The powerful nations of the world have been vying for space supremacy for a long time and this race for supremacy raises many important questions.
Such questions are being raised what consequences can the claim of ownership of celestial objects like the moon bring?
It may sound like science fiction, but we are preparing to colonize astronomical bodies like the Moon and Mars.
The Artemis program of the American space agency NASA and the European Space Agency ESA aims to establish a base camp on the moon by the end of the current decade. And establish more research centers there in the next decade.
China’s National Space Administration and Russia’s Federal Space Agency, Roscosmos, have announced plans to build separate facilities on the moon in the next decade.
The Moon Does Not Belong To Anyone
The prospect of space colonization raises some big questions. Among these, the most fundamental question is whether nations or companies can actually own the Moon or other astronomical bodies.
According to Aleksandr Sucek, Head of International Public Law at the European Space Agency, this cannot be done.
Explaining this, he said, “A nation can plant a flag on the moon, but it has no legal meaning or consequence.
This is included in the Outer Space Treaty, where it is written that no country can claim sovereignty over the Moon or make it its territory.”
Giving another important explanation in this context, Sosek said that the scope of this law also extends to private companies like Elon Musk’s SpaceX.
“We are talking about international law here,” he said. States have the responsibility to enforce laws on their own citizens and private companies within their territories.”
Can Partial Ownership Of The Moon Be Obtained?
So far so good. But what will happen if people extract material from the moon?
Do they own the content and sell it? According to Sucek, this is a major point of tension.
“Country X or Y can say they have no interest in claiming the Moon as national territory. But they are interested in owning materials extracted from the Moon or Mars and selling them back to Earth,” Susic said. “
This tension owes much to different legal interpretations of Article II of the 1967 Outer Space Treaty.
This clause states: “Space, including the Moon and other astronomical bodies, are not subject to national appropriation by way of the claim of sovereignty, use, occupation or otherwise.”
Although the clause clearly refers to keeping the Moon as an astronomical body, different lawyers have different interpretations of whether the clause allows nations or companies to keep parts of the Moon for commercial use.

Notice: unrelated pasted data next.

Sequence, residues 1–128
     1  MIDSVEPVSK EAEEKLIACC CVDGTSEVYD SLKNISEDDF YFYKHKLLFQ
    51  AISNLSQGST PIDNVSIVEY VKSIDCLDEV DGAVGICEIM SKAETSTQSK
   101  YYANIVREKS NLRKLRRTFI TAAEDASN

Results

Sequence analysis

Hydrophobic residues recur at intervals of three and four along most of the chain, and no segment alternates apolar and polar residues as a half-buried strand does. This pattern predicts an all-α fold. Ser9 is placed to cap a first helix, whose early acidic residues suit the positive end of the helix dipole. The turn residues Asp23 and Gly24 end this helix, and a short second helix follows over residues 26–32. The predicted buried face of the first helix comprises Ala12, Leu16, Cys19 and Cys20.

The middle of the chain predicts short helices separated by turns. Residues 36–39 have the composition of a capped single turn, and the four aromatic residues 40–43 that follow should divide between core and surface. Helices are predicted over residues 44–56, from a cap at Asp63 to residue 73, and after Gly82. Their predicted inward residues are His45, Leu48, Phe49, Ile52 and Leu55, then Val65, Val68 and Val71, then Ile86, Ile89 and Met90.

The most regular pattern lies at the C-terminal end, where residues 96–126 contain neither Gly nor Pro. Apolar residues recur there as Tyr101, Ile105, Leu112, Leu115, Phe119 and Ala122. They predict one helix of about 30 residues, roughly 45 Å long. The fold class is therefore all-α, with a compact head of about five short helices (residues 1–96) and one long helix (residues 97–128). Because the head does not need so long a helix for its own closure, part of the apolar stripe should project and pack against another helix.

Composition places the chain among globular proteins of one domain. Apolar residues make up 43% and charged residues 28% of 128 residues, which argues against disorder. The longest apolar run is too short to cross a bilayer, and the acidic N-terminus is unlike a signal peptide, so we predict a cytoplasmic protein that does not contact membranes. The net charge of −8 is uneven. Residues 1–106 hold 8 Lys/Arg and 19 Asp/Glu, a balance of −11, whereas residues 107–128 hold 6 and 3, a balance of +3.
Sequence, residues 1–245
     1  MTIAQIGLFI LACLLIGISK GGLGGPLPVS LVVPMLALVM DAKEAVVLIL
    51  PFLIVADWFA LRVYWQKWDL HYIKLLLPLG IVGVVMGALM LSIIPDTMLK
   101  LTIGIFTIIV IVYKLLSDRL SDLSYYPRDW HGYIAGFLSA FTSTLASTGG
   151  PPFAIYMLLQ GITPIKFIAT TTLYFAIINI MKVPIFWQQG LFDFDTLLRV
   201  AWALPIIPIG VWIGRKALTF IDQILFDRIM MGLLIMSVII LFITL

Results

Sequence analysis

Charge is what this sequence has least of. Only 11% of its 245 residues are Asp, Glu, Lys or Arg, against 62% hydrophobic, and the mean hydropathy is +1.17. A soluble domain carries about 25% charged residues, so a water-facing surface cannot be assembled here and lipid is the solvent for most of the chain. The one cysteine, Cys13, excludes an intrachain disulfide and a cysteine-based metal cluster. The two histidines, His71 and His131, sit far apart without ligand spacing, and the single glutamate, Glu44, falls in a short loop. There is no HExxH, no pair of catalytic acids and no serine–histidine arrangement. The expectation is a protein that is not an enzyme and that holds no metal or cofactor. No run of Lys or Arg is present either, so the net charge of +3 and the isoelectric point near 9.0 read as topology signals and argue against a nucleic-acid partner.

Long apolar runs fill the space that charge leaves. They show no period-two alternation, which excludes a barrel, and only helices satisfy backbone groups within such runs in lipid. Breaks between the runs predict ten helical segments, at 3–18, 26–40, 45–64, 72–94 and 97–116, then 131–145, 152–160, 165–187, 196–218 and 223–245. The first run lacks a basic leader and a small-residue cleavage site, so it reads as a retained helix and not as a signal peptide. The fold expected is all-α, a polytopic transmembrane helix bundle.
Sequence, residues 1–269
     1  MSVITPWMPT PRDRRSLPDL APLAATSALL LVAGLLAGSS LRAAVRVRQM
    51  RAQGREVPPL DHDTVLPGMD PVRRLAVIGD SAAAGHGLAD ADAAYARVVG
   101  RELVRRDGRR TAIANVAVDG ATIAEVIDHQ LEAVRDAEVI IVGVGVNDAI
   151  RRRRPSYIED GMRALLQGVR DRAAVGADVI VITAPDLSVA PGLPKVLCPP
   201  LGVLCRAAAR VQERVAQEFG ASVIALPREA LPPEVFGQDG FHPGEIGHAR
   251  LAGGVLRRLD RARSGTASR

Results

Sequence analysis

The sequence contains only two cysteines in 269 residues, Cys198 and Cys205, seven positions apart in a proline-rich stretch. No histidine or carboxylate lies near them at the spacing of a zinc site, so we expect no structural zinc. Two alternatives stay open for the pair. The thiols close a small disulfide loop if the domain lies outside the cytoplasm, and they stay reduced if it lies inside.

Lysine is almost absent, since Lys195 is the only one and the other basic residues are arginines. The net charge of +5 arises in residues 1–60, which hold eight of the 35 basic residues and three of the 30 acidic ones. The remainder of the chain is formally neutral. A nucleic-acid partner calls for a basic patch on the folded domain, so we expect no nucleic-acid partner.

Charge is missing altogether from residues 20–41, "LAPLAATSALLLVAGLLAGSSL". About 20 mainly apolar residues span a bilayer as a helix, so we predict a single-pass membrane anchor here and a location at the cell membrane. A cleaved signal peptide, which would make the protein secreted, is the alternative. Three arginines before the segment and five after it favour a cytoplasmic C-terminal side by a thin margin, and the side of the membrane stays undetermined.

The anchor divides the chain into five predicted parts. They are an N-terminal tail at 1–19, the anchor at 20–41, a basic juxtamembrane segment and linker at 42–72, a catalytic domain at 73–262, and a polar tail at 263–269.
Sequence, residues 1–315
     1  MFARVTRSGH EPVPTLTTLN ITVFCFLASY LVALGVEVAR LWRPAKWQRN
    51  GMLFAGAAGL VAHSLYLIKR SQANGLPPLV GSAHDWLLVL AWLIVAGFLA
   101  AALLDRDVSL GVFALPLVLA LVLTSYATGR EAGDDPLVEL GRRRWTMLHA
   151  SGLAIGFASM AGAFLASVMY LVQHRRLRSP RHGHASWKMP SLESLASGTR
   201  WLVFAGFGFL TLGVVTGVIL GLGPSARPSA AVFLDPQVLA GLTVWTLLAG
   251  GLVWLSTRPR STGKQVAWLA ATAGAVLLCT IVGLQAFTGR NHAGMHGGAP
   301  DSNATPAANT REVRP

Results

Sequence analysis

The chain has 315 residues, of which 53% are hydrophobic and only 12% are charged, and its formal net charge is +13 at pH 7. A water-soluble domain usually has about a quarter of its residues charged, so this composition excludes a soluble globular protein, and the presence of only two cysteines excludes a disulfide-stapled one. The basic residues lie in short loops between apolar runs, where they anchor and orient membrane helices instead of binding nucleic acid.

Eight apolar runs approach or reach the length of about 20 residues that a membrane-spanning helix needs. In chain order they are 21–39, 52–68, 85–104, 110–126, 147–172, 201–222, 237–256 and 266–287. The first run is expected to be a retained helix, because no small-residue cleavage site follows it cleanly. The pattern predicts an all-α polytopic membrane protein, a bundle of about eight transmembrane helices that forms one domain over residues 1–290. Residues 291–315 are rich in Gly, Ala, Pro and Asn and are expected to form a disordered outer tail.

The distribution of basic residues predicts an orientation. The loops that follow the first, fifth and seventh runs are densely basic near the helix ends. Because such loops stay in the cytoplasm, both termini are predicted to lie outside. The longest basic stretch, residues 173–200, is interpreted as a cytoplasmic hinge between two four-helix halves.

Gives If it is indeed possible to exploit parts of the moon, is there a need for profit sharing?
Is it a first-come, first-served case? There is no agreement on these issues.
But according to Cai Yu Shrogel, president of the International Institute of Space Law, the Outer Space Treaty clearly states that no one can own material taken from the Moon.
“There are no flaws in it,” he told DW. The Outer Space Treaty has been deliberately misinterpreted.
Nations that are responsible for private elements simply have to say: No, you cannot own these resources. If they do, they violate international law.”
Space Non-Ownership Agreement
Humanity has come a long way since the Berlin Conference of 1884-1885 after the partition of Africa by the European nations.
In the absence of a global agreement that owning territories on the Moon is a bad idea. The future of lunar colonization looks less bloodthirsty.
According to Sucek, “Everyone wants to explore outer space, so international awareness is the greatest benefit of international cooperation.”
Observers often see space exploration as a beacon of hope for world peace. With treaties cementing binding cooperation and most countries striving for this harmony in space.
The current Outer Space Treaty was successfully negotiated at the height of international tensions during the Cold War. Now, despite tensions over the war in Ukraine, Russian astronauts are working side-by-side with Western astronauts on the International Space Station.
Cooperation In Space For How Long?
Although International Institute of Space Law President Shrogal agrees that major international space powers have learned from colonialism. He is still less optimistic about the long-term future of international cooperation in space.
Although the treaties have helped establish a basic international consensus, some disagreement on space exploration seems inevitable.
Earlier this year, NASA chief Bill Nelson said in an interview that China could one day land on the moon and claim a certain area as its territory.
China strongly rejected these claims and reiterated its commitment to peace and demilitarization of space.
“All space powers will end when there is anarchy in space and celestial bodies,” Shrogal said. was how each of them would develop. We should not make the mistake of changing course now in this situation.”